Ryan, Patrick Earl. “If We Were Electric: Stories”, (Flannery O’Connor Award for Short Fiction Series), University of Georgia Press, 2020.
Twelve Stories About New Orleans
Being a New Orleans native, I search out books about my hometown and that is how I came upon this exquisite collection of stories about the Crescent City. Patrick Earl Ryan celebrates New Orleans with all of her special qualities and the city becomes a character, sometimes hidden and sometimes overt throughout the collection. There were times that I was brought to tears while simultaneously grinning and there were stories that pulled me in with the first sentence. Here is a new voice that we must pay attention to and from whom I have great expectations of hearing much more.
I attended a zoom session at Octavia Books in New Orleans with the author recently and it confirmed the way I felt as I read his stories. Most of the characters are outsiders and on the fringe of society who deal with the despair of not fitting in yet holding the desire to do so. Each word seems perfectly chosen to depict the inner feelings of these characters and the world in which they live. It is impossible not to feel Ryan’s love for words and language as we read.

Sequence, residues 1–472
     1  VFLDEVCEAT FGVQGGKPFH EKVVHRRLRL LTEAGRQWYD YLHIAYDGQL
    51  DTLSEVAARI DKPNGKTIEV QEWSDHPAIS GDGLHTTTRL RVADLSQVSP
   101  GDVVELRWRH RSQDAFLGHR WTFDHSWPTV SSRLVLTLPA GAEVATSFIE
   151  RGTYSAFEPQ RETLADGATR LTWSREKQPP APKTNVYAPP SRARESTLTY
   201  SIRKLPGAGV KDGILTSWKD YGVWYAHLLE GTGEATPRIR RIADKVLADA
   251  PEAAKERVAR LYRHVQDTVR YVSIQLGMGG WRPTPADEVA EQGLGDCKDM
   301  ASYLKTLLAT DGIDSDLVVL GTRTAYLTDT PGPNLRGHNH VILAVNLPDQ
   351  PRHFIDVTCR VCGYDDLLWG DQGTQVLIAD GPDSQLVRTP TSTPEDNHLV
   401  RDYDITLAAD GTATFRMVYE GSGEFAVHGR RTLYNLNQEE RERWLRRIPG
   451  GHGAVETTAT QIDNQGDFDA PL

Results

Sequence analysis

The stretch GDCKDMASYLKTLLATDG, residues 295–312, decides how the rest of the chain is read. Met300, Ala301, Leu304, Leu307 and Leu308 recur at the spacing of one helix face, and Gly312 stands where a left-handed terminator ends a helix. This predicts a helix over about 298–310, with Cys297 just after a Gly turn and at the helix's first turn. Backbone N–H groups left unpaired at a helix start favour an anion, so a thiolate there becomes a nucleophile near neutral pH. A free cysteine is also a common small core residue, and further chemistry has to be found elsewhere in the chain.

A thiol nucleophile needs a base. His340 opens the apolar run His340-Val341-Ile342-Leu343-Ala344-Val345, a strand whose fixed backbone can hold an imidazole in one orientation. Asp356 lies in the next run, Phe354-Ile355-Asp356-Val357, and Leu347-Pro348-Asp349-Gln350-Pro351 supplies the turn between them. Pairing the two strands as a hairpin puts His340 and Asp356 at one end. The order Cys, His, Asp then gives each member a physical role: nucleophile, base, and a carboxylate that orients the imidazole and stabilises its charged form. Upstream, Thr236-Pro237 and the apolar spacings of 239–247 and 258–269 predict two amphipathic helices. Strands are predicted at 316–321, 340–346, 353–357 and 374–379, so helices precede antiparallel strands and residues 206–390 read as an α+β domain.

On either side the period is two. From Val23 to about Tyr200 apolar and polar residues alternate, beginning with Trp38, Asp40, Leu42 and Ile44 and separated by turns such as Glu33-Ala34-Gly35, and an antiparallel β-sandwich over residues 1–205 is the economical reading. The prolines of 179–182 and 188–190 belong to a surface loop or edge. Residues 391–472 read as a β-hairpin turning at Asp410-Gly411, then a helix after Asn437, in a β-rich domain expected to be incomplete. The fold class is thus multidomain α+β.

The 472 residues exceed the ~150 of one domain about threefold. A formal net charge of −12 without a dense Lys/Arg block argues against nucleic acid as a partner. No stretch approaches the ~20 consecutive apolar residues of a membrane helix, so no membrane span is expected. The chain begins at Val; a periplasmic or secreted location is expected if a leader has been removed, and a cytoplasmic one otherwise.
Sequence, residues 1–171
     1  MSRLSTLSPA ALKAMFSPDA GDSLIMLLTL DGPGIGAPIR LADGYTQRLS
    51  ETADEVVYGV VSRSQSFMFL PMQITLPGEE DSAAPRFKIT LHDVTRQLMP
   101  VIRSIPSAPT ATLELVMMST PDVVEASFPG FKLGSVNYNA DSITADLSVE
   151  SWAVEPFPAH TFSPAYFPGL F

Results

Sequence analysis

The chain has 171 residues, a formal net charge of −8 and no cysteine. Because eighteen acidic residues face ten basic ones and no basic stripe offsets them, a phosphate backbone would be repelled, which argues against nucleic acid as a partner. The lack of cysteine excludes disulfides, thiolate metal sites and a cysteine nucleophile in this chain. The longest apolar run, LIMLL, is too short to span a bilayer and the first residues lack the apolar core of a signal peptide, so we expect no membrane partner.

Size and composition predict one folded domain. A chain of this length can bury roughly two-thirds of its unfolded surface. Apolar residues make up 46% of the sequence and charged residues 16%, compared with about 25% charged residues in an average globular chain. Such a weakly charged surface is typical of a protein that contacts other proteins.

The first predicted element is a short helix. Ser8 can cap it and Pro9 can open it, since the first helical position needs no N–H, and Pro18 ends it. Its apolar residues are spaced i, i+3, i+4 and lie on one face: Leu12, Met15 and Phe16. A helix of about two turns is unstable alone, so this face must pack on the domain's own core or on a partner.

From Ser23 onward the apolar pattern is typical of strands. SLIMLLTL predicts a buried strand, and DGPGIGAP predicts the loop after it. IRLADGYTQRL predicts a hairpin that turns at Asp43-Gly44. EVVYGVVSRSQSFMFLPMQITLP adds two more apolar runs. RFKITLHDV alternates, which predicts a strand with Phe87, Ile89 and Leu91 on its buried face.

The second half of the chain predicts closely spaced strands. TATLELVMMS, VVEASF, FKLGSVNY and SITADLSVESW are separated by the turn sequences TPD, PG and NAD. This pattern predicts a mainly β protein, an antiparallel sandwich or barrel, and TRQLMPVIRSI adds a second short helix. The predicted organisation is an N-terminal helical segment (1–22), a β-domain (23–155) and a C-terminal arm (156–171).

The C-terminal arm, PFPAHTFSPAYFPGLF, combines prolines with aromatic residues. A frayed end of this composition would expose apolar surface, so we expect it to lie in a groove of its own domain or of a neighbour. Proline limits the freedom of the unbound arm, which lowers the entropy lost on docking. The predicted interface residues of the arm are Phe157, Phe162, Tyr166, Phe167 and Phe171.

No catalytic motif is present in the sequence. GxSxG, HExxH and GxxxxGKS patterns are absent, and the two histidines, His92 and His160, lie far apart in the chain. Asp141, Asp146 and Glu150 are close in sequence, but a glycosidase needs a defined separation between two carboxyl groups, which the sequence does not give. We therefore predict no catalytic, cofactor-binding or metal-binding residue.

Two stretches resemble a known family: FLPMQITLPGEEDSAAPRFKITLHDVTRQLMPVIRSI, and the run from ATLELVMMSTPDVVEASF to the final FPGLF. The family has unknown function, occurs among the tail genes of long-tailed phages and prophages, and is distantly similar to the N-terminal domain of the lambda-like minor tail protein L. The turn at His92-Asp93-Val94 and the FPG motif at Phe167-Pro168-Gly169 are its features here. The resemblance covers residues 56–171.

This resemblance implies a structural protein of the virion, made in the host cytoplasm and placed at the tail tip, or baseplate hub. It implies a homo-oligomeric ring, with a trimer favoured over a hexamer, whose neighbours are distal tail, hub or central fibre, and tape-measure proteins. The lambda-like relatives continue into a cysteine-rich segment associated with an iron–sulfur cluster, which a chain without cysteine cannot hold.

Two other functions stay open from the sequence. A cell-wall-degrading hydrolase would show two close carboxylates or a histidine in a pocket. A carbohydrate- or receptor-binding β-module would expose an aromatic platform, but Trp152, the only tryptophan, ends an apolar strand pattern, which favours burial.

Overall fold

When I sit down to write a review of a collection, I usually find myself at odds as to whether to review the work as a whole or give synopses of each story and I find myself at the same crossroads here. I will try to do a bit of both. As a whole, what struck me most is the originality of the stories. We have had many books and stories about New Orleans in the past so to find something new is often difficult. However, here it is not difficult but a wonderful surprise.
All of us who have grown up gay have had that outsider feeling and find ourselves not knowing how to cope. Most of us eventually find our ways but when we are young, it is so very difficult to do so. We see in “Before Las Blancas”, the opening story, a youth is so much in love with who he is that he creates his own world in which to survive the outside world. In “Where It Takes Us”, we read of the coming together of two brothers, one gay and one straight with HIV who manage to find a way to continue together through life. In “Blackout”, a story of a guy in an abusive relationship finds a way to experience a bit of happiness with someone else. And there is so much more, all rendered in the voice of a new writer who knows how to write what he feels.
As I said before, New Orleans is always there as a kind of omniscient character who reminds us of where we are and guides us through stories that many of us have felt— stories of desire, of unfulfilled love, of relationships, of loneliness and of the world. When I closed the covers of “If We Were Electric”, I remained haunted not only by the stories but also by how they were told. Be prepared to clear your day when you sit down to read. I found it impossible to stop and continued on though the night, pausing to reflect on each story after I read it and now two days later, I am still reflecting and will certainly do so for a very long time.